Liberal Arts

Movie review by
S. Jhoanna Robledo, Common Sense Media
Liberal Arts Movie Poster Image
Thoughtful romance mulls impact of large age difference.
  • PG-13
  • 2012
  • 97 minutes

Parents say

age 13+
Based on 1 review

Kids say

age 14+
Based on 1 review

A lot or a little?

The parents' guide to what's in this movie.

Positive Messages

Love can strike anytime and anywhere -- but in the real world, not every pairing can work, even between people who get along wonderfully. This film examines the possibilities of a May-December flirtation between a young college girl and a man approaching middle age, who wonder whether love is enough to sustain them. They think carefully and thoughtfully about the implications and make well-reasoned decisions.

Positive Role Models & Representations

Jesse is clearly torn between his attraction to a charming, eager college student and his realization that she's 16 years his junior, and a relationship with her may not be good for either of them.

Violence
Sex

A college student discusses whether she should sleep with an older man. A couple has a one-night stand, with some brief sex sounds that take place in the dark. People are shown after having sex. A couple kisses warmly.

Language

Relatively infrequent swearing includes "screw," "p---y," "sucks," and "screw you." Two people flip each other off.

Consumerism

The film promotes Kenyon College, where it was filmed.

Drinking, Drugs & Smoking

Some drinking at meals and social events, and a bit more drinking at college parties. One woman lights up a cigarette after sex.

What parents need to know

Parents need to know that Liberal Arts centers on the budding relationship between a teenage college girl and a man in his mid-30s and looks at whether they can make things work despite the significant age difference. Don't expect any teen-sex comedy cliches -- this thoughtful film starring writer-director Josh Radnor (from the sitcom How I Met Your Mother) and Elizabeth Olsen, tackles the question realistically, and the couple works through their obvious attraction and the equally obvious hurdles they face. Expect some swearing and drinking, and one sex scene that takes place in the dark but has some very obvious sounds.

User Reviews

  • Parents say
  • Kids say
Adult Written bywonder dove July 27, 2013

Excellent film!

I wanted to see this movie so bad and finally did. I liked it, but was expecting a little more out of it. It was refreshing and real, none of that teen romance... Continue reading
Teen, 14 years old Written bystudboy24 June 16, 2014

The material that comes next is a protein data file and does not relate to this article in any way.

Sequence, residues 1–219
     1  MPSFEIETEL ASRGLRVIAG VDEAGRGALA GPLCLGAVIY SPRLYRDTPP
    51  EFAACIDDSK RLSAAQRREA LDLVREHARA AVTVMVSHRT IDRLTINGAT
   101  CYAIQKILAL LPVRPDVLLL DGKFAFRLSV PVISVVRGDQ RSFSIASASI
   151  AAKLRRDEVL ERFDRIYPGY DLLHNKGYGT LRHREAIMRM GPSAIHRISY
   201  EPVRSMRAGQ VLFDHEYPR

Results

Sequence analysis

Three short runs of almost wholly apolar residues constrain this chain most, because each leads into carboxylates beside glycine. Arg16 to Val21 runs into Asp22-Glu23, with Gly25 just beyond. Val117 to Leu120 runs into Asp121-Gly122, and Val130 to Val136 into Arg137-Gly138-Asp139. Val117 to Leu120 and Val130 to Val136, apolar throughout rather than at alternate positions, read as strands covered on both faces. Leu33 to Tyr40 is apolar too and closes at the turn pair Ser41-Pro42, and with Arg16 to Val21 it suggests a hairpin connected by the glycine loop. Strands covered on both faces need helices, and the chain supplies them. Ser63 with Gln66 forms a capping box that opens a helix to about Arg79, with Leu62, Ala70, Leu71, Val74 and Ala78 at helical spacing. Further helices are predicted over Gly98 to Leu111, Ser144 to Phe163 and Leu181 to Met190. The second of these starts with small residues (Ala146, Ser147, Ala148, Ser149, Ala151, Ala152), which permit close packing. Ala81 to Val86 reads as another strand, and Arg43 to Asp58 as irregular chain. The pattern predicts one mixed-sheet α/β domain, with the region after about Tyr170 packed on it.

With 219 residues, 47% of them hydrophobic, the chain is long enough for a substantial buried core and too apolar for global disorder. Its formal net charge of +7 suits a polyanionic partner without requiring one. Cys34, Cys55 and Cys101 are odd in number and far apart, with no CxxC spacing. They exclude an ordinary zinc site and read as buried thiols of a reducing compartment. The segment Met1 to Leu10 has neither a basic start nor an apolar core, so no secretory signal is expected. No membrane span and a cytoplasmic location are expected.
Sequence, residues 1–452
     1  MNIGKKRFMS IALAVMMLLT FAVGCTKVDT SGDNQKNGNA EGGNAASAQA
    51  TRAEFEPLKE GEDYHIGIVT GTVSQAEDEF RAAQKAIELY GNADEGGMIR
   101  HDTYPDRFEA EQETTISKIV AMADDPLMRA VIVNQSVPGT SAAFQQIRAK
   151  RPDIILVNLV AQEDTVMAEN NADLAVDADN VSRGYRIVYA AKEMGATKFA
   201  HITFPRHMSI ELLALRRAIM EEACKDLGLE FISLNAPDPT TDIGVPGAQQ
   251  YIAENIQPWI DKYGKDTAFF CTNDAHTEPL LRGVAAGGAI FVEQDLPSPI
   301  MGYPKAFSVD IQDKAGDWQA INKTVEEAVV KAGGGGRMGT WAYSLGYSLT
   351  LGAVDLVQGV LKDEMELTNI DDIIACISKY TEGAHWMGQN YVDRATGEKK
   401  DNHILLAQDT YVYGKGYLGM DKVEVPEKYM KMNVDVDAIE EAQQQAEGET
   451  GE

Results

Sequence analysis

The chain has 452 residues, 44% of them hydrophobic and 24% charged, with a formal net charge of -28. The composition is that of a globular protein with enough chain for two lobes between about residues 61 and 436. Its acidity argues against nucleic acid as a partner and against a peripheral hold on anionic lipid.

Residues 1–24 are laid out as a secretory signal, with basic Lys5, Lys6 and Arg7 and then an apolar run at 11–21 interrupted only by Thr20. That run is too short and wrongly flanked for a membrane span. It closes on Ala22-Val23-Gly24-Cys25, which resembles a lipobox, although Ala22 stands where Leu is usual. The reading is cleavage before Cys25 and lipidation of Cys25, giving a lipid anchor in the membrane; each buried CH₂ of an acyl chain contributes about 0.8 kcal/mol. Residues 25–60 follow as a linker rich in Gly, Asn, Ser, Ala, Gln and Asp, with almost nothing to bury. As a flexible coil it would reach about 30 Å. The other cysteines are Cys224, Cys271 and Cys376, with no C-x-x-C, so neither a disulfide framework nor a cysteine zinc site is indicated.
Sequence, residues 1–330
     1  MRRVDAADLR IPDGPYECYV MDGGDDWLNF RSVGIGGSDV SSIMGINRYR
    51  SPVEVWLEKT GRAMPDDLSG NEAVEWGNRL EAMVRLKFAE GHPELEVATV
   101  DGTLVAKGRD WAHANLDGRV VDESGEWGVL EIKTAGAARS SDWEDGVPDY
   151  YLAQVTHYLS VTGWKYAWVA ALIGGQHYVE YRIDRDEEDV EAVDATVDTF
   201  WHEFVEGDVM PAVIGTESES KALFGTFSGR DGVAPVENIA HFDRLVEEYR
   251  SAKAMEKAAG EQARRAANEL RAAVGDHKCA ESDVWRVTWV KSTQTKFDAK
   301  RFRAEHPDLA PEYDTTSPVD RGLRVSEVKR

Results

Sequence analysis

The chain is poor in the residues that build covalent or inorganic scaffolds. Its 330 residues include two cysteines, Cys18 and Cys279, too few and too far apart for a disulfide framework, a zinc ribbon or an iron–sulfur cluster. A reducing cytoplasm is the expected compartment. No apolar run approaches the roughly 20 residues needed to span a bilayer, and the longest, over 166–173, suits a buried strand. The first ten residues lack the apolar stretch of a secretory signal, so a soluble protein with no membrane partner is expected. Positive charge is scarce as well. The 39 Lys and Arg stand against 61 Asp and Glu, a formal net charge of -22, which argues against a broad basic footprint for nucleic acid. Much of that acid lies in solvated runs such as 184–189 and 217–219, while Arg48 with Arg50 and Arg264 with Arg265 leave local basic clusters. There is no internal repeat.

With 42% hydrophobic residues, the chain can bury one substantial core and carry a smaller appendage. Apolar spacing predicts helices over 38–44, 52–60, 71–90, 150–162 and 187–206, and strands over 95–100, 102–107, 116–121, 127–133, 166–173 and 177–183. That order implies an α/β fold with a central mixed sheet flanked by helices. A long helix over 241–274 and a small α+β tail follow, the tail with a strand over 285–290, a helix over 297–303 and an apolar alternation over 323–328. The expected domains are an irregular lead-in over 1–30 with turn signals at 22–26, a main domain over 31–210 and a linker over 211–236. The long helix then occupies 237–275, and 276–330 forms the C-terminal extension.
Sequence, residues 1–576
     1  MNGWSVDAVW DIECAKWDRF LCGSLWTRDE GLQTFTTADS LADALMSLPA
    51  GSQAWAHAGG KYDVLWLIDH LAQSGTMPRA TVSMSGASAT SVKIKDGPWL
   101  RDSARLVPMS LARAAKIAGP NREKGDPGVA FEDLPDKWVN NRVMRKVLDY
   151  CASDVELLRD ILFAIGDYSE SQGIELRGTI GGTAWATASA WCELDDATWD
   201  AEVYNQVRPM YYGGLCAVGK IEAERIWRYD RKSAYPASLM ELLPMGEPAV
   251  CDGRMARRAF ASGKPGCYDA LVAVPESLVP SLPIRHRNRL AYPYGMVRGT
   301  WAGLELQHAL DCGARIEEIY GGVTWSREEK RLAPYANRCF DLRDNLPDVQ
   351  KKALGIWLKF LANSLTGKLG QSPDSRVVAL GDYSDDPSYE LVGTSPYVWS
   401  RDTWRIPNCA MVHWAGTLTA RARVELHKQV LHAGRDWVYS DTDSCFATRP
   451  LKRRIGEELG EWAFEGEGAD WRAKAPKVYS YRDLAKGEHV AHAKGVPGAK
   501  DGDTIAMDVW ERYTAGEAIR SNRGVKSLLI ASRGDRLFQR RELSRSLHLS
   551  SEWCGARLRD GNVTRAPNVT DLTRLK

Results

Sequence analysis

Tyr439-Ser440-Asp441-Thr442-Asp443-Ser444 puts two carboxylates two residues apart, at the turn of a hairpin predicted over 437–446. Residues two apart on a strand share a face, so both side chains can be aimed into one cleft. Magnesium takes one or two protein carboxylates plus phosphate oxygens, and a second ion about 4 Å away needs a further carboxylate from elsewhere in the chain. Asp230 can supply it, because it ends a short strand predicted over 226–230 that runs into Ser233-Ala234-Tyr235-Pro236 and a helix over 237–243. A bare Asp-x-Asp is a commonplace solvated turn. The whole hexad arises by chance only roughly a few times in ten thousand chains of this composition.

Liberal Arts

I first wanted to see this movie because it was a film by Josh Radnor from Himym (How i Met Your Mother). But the film became so much more than that. It was int... Continue reading

What's the story?

Jesse (Josh Radnor) returns to his alma mater to visit a favorite professor and becomes beguiled by Zibby (Elizabeth Olsen), a mature-beyond-her-years sophomore. But they're both torn by the 16-year age difference between them that may make a real relationship impossible. The more time they spend together, the clearer it is that they have a real connection, but it also becomes obvious that a May-December pairing, while romantic in theory, is hard in real life. And soon they're going to have make some hard choices.

Is it any good?

The ideas that propel LIBERAL ARTS are interesting and even mildly thought-provoking. Who among us hasn't, at some point, tired of the daily grind of a grown-up life? Especially one like Jesse's: He's in an unimpressive apartment in a difficult city interviewing pre-collegiate kids full of hope, kids with so much ahead of them. It's these observations that make Liberal Arts a joy to watch. That and its circuitous but still refreshing plot in search of a happy ending. Everything until Jesse finds himself alone with Zibby in her dorm room has spark, the crackle of possibility. (Plus, Richard Jenkins! The man elevates anything he's in.) And its hard left turn into a direction different from what you might expect is surprising in a pleasant way.

Still, what does come next seems moot at that point, and Liberal Arts loses its footing a bit. The ending feels like an afterthought; we want to be back in the thick of Zibby and Jesse's flirtation, back when something beautiful appears all too possible. But alas. Isn't it pretty to think so?

Talk to your kids about ...

  • Families can talk about what Liberal Arts is saying about love and relationships. What's the impact of a significant age difference on a couple?

  • Should people get second chances when they make a poor decision?

  • Who do you think the film's target audience is? Why do you say that?

Movie details

Themes & Topics

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For kids who love romance

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